Of course, I'm going Wedi now. I did not know that existed either.

  19. Bathtub and surround are all one molded piece (tub and all 3 walls). Need to cut it all apart. Acrylic/fiberglass tub/surround in a mobile home.

  20. I could us the sawzall for a deck job. We moved in to a new house and there is a deck off the garage. It was very badly made and I need to just tear it off and start new. Thanks for the videos and the give aways!

  21. needs a total gut job… we bought the house off of a older lady a little over a year ago. would like to do a tile floor and shower with multiple heads

  22. Jeff my wife and I want to thank you for all your help and for saving us tons of money ๐Ÿ˜„. We currently purchased a fixer upper home and will be remodeling our kitchen, both bathrooms, and replacing the windows. I'm sure that saw will be perfect and get a lot of tlc being a new family member lol

  23. About to start first of many projects including two bathroom remodels from 1980s and demo old deck and redo the back yard. Sawzall is on the tool list.

  24. Hi Jeff I Would Like the Milwaukee Saw becauae Ihave been working on remodeling my first nurseryroom I am a first time father and first time remodler. lol I wanted to do it myself instead of hirong a contractor because I will keep this memory forever. I hope I get the sawsall but either way thankyou for the great videos these videos have motivated me to be a do it yourselfer. tThanks again.

  25. Would love to win the saw. I still have a WEN model 1600 saw. You can see it in my photo. It's the red one in the top left of the pic. My dad gave it to me and it's so old I have difficulty finding blades for it. I don't want to get rid of my WEN. After all my dad gave it to me. But it would be great to move into the 21st century. Also it would be my first cordless tool. ๐Ÿ™‚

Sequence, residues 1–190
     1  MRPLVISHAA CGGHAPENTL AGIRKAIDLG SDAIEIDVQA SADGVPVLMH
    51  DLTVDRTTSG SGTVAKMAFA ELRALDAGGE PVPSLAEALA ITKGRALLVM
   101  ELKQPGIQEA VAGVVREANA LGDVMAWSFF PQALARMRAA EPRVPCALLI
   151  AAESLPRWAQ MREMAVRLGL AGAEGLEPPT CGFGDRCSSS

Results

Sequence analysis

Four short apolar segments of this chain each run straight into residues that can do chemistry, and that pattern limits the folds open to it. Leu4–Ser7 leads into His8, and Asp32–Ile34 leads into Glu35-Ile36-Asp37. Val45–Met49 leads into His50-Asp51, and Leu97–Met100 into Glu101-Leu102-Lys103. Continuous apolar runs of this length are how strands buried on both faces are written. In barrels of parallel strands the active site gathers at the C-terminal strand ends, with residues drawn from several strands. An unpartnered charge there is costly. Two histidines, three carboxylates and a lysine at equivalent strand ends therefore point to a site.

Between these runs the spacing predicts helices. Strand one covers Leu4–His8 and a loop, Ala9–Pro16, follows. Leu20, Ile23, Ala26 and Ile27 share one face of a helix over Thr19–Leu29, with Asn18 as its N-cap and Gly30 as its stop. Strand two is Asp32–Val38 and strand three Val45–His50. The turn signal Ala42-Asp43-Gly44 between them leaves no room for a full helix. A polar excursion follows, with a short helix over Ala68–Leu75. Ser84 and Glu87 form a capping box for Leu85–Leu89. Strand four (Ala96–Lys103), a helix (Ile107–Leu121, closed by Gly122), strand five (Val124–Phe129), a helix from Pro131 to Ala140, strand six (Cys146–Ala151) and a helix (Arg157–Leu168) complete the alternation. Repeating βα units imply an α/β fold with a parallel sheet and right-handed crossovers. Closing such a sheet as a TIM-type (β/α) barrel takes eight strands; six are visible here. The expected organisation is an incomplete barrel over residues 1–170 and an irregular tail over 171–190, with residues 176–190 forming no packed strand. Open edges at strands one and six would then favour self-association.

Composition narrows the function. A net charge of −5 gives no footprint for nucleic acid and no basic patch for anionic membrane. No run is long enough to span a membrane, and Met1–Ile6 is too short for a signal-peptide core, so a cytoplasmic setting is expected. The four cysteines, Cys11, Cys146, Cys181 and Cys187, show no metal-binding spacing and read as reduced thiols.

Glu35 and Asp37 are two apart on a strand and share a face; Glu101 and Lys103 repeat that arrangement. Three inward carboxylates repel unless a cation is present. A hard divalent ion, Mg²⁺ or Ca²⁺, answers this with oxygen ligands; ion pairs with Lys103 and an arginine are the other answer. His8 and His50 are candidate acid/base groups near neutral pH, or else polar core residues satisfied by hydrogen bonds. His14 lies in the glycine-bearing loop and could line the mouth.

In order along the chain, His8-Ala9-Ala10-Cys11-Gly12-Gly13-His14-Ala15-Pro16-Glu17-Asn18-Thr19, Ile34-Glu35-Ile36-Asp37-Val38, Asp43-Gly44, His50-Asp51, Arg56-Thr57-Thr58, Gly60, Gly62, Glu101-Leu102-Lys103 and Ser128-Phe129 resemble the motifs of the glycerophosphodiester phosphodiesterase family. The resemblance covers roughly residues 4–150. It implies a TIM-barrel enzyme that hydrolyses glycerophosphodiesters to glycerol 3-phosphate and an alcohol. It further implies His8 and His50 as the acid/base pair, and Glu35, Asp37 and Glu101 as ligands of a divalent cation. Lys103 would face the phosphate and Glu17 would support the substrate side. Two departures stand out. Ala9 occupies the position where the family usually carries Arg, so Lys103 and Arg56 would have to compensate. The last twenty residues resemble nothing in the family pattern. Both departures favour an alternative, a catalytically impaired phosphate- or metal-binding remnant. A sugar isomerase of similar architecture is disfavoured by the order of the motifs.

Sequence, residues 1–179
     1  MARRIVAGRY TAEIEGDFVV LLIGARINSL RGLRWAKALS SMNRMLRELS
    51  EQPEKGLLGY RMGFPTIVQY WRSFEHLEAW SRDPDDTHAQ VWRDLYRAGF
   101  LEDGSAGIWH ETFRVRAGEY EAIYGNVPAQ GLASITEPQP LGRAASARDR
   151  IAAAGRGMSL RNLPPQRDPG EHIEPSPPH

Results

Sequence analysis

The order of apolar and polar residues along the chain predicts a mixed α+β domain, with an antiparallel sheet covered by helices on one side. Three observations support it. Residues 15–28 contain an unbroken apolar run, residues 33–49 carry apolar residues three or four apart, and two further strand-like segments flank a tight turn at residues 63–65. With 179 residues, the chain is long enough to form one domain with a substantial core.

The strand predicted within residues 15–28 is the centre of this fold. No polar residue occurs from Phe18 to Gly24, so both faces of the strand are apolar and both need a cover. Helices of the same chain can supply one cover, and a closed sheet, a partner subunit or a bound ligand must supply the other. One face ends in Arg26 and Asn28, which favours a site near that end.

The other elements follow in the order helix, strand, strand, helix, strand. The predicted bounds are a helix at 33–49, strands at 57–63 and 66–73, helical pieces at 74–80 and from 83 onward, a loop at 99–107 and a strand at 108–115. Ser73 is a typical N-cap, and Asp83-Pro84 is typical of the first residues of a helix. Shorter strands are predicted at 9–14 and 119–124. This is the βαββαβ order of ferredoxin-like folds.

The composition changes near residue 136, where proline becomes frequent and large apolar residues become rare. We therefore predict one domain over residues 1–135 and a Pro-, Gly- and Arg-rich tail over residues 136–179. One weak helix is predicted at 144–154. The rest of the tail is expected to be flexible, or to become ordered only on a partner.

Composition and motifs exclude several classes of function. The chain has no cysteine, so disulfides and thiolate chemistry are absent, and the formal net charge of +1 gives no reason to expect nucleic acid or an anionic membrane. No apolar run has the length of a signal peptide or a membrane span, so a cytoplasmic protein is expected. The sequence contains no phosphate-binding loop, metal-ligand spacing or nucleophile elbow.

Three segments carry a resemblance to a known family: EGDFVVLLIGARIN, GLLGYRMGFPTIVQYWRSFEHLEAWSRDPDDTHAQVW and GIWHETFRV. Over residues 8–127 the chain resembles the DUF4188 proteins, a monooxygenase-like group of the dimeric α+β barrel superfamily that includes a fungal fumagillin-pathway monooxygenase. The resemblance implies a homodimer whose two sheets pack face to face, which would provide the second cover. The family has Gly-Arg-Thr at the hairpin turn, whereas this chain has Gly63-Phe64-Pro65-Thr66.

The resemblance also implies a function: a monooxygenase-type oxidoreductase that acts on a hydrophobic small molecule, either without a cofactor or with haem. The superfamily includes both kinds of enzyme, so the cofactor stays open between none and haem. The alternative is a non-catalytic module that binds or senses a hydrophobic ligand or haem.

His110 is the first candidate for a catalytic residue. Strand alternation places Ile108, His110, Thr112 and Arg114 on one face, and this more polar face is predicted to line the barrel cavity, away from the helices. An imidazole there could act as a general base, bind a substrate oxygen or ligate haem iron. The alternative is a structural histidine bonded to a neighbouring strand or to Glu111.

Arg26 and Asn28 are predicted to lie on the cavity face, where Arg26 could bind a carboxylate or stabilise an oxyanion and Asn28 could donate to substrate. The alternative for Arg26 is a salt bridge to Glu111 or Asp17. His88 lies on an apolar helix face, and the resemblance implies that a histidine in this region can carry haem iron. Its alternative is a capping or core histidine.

26. I'm currently building a mobile workbench on wheels; which obviously involves a lot of cutting. The cordless Sawzall would make things go along a lot faster!

  27. Let's see, tearing out 2 bathrooms. 1 with a tub & 1 with shower only, The tub 1, like yours has plaster. The shower 1 has drywall. I don't own a sawzall, corded or otherwise. Great video with great advice. Thanks

  28. Also, like you did, when I removed my cast iron tub, I did not remove the floor drain. ( this was during a remodel about 5 years ago). Glad I planned on using a new 1!

  29. Awesome vid, good info. Would love to win that sawsall for making some bookshelves in our tiny NYC apt.

  30. 7:47 – What I don't get is that lip around the outside rim of the bathtub. Maybe I need to wait for the install the tub or finishing around it, but it looks like whatever extends down into that lip would really get soaked constantly in water??

  31. Still working on the bathroom – got the toilet hooked up and good to go, now we need to replace (2) tubs. Great tutorial. The sawzall would come in handy for getting everything out of there ๐Ÿ™‚